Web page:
Say I have a single floating point number called result equal to 0 and two threads, one thread adds 4 and the other subtracts 2. Is there any possibility that result will be equal something other then 2 afterwards?

If you want a more concrete example I ask this question because of a project I'm working on. Basically I'm simulating a network of neurons and I want to distribute the neurons among multiple threads so it runs faster.

Every thread is responsible for it's own group of neurons and at each time step of the simulation all threads calculate the voltage of their neurons and see if any neurons have exceeded a threshold, then they run into a barrier and wait for all the threads to catch up.

Then the voltages of any neurons connect to the neurons that exceeded the threshold are then added to or subtracted from depending on the strength of the connection. It's this step I worry about because two threads could try to change the voltage of the same neuron at the same time. I think I know a way around this but I wondered if things are fine the way they are, since the threads are adding or subtracting values as opposed to assigning values.

After this the threads run into the same barrier as before and wait for each other before starting the next time step.

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Last Post by BestJewSinceJC

Well you're expecting thread 1 to do this

``````load var
store var``````

and thread 2 to do this (before or afterwards),

``````load var
sub 4
store var``````

Then all will be well.

But if it actually goes like this (or many other variations which interleave the instructions),

``````load var
store var
sub 4
store var``````

then you're going to have lots of very interesting Heisenbugs to deal with.

> Basically I'm simulating a network of neurons and I want to distribute the neurons among multiple threads so it runs faster.
Do you actually have a multi-core CPU?
If you don't, your statement is bogus.

You will require a semaphore to keep both threads from accessing the same data simultaneously.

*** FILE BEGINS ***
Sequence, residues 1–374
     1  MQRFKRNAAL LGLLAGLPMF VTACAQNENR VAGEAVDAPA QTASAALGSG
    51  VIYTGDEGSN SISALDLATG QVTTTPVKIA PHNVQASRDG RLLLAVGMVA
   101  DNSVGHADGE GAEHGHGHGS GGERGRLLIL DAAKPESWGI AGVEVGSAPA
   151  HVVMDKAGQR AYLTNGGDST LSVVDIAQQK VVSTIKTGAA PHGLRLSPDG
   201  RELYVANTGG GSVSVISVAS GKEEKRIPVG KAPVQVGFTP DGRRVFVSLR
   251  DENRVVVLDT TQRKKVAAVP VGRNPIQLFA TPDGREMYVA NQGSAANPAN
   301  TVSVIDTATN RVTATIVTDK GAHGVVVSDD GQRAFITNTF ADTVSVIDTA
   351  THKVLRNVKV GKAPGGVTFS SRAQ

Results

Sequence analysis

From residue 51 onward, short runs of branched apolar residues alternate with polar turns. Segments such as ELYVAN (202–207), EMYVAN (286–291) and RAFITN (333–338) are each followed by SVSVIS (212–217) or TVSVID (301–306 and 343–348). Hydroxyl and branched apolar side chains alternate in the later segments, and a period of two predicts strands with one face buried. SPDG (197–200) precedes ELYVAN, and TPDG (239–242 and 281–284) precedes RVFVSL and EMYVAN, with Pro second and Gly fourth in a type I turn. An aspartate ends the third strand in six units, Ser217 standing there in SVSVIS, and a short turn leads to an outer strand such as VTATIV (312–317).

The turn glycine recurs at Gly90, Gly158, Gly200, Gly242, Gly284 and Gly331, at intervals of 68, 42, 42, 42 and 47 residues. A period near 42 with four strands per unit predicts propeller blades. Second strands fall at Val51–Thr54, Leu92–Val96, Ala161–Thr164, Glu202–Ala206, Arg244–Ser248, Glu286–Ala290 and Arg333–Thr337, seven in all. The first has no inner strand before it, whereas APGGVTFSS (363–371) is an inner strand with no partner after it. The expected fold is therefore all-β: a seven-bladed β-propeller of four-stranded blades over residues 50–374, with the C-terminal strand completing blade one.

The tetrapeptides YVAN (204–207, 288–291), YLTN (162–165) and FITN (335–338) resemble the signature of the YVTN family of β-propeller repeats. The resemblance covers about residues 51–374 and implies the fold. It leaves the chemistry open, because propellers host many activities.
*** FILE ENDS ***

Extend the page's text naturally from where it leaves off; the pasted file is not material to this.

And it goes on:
``````{BLOCK}
Var += 4;
{UNBLOCK}``````

``````{BLOCK}
Var -= 4;
{UNBLOCK}``````

Otherwise you run the risk of both simultaneously accessing the same argument.

There is only one processor that I'm aware of that will allow you to change a memory location without needing a semaphore.

Changes memory without being pre-empted.

You will require a semaphore to keep both threads from accessing the same data simultaneously.

A semaphore with only one token, more commonly known as a 'Lock'.

I know you need a semaphore if you have two or more threads writing to a variable, but do you need them if you have one thread writing and all other threads reading?

With only one writing thread, and the others merely read, Depends on what the functionality does. Is it safe to use obsolete data!

Is only a single write operation required? Such as only writing 32-bits on a 32-bit processor?

If in either case is no, then if a standard mutex/semaphore/critical section is too slow, then a special lock is required!

If more then a single write is required then the thread can be pre-empted between a data write sequence. Also a thread can read a 32-bit value, get pre-empted by a 32-bit write and when gets released, will be working with old data! Having a locking mechanism is the safest!

It's kind of complicated, but the safest for now, is ful lock for read and write.

Edited by wildgoose: n/a

I know you need a semaphore if you have two or more threads writing to a variable, but do you need them if you have one thread writing and all other threads reading?

According to MS:
The Read method is unnecessary on 64-bit systems, because 64-bit read operations are already atomic. On 32-bit systems, 64-bit read operations are not atomic unless performed using Read.

Therefore, 32 bit reads on 32 bit systems are atomic and don't need locking. However, adding and subtracting still needs locking. One simple way to do that in .net is using the "interlocked" class.
----
Writing is a different story and needs to be locked. An easy way to do that for simple types in .net is using interlocked.exchange

On x86 systems you can do a locked add in one instruction.

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